By: Derek Brown
For 70 years, the Israeli-Palestinian conflict has affected the Middle East landscape and defied the international community’s peacebuilding efforts. Tensions escalated after the most recent negotiations collapsed, spurring additional violence, hardening public attitudes, and threatening prospects for a negotiated settlement. Facing these challenges and their impact on broader U.S. national security interests, the current administration has identified this conflict as a diplomatic priority.
Liberia will hold presidential and legislative elections on October 10. The run-up to the vote has been primarily peaceful, and the country has engaged in ongoing efforts to prevent election violence. This Peace Brief, based on USIP research, assesses the risk of election violence and the scope of violence prevention efforts, and provides recommendations for ongoing prevention.
STATE OF THE FIELD
Violent conflict upends and polarizes societies, disrupting social structures and gender roles.
Projects and policies intended to assist communities that are fragile or affected by violence are more successful if they consider conflict’s different effects on men, women, boys, and girls.
Approaches to conflict resolution that account for gender issues and include a broader array of society reduce gender-based violence, enhance gender equality, defuse conflict, and lead to more sustainable peace.
BY: Aly Verjee
Regional leaders have endorsed the creation of a new peace initiative in South Sudan: the High Level Revitalization Forum (HLRF). The HLRF is intended to revive the stalled 2015 peace agreement in the country. This Peace Brief offers recommendations for the international community in anticipation of the launch of the HLRF, suggesting its success hinges on clarifying serious ambiguities that exist in its design, including the questions of who will participate and the extent of the agenda.
By Jack Froude; Michael Zanchelli
By: Sadaf Lakhani ; Julienne Corboz
Based on qualitative surveys and focus group discussions with communities in four Afghan provinces, this Peace Brief analyzes how nonstate actor control over small-scale mining sites and illegal extraction contributes to conflict, the local political economy, and the incentive structures that support illegal extraction.
Experts Consider Resilience for Reducing Conflict Risks in Fragile States
By: Linwood Q. Ham, Jr.
Sixteen years after the start of the international intervention in Afghanistan, the country remains beset by a debilitating array of conflicts, undermined political stability, an economic and security decline since the withdrawal of a majority of international forces, and a divided government since the 2014 elections. As the US government, its partners, and NATO consider a revised military strategy for Afghanistan, it is essential to recognize that politics has been, and remains, at the center of that conflict.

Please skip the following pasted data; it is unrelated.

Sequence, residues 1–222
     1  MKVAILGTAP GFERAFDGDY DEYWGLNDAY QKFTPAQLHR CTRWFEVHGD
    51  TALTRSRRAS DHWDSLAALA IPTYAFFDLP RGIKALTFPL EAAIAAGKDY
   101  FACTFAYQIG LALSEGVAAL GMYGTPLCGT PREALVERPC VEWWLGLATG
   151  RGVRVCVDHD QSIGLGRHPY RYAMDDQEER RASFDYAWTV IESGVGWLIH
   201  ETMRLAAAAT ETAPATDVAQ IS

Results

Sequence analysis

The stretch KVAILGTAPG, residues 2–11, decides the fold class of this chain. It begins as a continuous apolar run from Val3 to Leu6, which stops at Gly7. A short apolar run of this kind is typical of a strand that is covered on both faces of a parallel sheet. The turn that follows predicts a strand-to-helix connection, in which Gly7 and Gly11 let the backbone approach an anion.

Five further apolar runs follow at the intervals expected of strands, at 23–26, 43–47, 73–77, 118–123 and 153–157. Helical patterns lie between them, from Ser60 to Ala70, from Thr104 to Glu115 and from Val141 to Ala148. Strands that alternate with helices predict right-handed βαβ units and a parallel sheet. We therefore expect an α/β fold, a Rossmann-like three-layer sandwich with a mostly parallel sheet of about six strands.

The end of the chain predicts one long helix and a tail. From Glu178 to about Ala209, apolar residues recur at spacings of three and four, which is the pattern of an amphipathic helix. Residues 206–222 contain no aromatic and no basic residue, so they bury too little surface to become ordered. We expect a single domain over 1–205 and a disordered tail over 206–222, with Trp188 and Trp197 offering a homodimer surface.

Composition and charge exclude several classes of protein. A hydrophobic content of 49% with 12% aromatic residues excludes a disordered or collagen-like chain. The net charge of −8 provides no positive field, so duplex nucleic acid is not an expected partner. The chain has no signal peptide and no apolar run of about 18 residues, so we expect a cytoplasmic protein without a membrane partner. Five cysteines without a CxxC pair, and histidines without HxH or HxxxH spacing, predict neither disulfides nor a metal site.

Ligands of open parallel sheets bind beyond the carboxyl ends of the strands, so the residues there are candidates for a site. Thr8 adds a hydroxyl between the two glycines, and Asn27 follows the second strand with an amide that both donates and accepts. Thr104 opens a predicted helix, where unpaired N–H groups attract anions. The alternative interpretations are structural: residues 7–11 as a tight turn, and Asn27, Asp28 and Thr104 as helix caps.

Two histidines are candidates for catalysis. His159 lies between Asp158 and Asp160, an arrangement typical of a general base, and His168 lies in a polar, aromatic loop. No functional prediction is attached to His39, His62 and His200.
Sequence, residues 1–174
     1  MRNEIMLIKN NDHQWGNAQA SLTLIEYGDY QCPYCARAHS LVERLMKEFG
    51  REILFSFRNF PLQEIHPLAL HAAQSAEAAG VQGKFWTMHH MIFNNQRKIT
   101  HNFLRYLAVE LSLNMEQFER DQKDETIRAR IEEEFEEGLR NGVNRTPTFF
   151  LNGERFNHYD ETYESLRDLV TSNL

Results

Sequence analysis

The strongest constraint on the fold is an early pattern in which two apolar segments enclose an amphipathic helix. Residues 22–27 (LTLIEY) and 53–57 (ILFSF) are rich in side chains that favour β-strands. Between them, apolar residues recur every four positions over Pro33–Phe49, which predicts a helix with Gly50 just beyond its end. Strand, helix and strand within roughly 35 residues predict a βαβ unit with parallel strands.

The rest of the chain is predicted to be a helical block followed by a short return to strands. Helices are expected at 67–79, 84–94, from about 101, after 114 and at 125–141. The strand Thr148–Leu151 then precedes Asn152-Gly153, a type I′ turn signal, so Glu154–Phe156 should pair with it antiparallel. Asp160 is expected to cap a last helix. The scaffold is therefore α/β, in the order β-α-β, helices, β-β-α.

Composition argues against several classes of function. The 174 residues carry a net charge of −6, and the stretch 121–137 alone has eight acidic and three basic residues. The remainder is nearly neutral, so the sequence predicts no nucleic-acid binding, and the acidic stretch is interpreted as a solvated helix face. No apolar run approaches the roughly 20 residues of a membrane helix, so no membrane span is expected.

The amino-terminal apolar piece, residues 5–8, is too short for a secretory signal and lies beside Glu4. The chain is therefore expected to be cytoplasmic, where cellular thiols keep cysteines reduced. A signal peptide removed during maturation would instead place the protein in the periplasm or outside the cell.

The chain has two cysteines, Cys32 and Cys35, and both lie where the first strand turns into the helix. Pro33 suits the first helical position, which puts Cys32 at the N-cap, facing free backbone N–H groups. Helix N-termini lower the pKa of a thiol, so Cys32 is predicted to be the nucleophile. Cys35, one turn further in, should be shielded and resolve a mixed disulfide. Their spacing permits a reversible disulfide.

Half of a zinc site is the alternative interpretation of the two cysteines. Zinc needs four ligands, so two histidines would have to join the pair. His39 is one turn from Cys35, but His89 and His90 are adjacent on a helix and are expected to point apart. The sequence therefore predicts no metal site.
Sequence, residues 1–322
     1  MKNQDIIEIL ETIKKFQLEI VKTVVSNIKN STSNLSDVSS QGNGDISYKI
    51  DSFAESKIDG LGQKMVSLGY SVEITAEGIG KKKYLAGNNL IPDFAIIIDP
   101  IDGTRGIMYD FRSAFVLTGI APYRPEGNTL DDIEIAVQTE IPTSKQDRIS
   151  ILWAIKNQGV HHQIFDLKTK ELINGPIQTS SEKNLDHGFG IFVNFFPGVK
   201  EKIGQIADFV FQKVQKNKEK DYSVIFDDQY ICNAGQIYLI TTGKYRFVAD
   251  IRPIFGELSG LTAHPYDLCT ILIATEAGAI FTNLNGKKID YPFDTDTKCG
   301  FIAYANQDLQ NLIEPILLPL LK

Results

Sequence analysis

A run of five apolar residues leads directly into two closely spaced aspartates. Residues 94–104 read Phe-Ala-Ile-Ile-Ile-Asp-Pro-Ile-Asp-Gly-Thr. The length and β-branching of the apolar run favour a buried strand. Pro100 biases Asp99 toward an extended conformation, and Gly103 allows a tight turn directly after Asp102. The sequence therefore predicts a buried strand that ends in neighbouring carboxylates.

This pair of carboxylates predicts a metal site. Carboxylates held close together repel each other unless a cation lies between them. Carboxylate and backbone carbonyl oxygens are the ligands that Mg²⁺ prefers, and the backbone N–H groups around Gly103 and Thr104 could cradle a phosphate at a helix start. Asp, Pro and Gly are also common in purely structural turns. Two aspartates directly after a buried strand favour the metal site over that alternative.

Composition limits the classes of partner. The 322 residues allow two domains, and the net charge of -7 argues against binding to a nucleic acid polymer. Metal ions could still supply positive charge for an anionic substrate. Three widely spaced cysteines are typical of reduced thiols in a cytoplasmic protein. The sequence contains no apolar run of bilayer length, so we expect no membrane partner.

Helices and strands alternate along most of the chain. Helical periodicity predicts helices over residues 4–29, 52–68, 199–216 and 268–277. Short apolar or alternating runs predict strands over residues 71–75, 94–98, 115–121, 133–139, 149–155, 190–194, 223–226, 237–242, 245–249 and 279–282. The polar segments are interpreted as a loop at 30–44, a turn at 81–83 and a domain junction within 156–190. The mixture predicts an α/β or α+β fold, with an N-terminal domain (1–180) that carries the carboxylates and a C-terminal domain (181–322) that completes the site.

By: Ethan B. Kapstein
In the context of UN Security Council Resolution 2250 on Youth, Peace, and Security, this report examines collaborations between youth and religious leaders in conflict-affected states. Using case studies, surveys, and interviews, it highlights the gaps, challenges, and opportunities for how religious actors and youth can and do partner effectively in the face of violent conflict.
•More than 80 percent of the world identifies as religious, and most of the world’s most violent conflicts occur in countries with the most youthful populations.
Friday, May 26, 2017 / BY: Katherine "Kay" Spencer; Rachel Vandenbrink
On the Issues with Kay Spencer and Rachel Vandenbrink
Burma's national dialogue, stalled for months, advanced this week with the opening of the second round of the 21st Century Panglong Peace Conference in Naypyitaw, the capital. The five days of political talks focus on working out a federal system to resolve the country’s ethnic tensions.
Study Pinpoints Link Between Food Shortages and Attacks by Extremists, Insurgents
Wednesday, May 24, 2017 / BY: Ore Koren
By: Elizabeth Murray
Plagued by successive coups and waves of violent conflict since its independence in 1960, the Central African Republic managed to hold its first peaceful elections in late 2015 and early 2016. Fears of widespread violence proved unfounded. This report focuses on what went right in those elections and how those conditions have not held a year later, allowing violence to return to the country.
State of the Field
In many countries, elections are a flashpoint for violence. Far too often, programs designed to prevent election violence are based on intuition instead of evidence, or efforts concentrate solely on logistical or technical support on election day. When prevention efforts fail and violence erupts, officials may respond with a counter-productive crackdown, citizens lose trust in the ability of government and the rule of law to protect them, and years of development efforts are reversed.
Colette Rausch; Tina Luu
Derived primarily from the author’s field research and experience, this report focuses on community-based programs and interventions in rural Afghanistan. Fundamental assumptions that underlie these interventions, however, are flawed. With an eye to worldwide relevance, the report analyzes these assumptions and suggests ways to better understand the realities of rural Afghan society so that the government in Kabul can more effectively implement programs in rural areas, engage rural participation, deliver needed services to that population, and administer the country more generally.
As U.S. Presses Military on Reforms, Policies Need Consistency, Patience
Monday, March 20, 2017 / BY: USIP Staff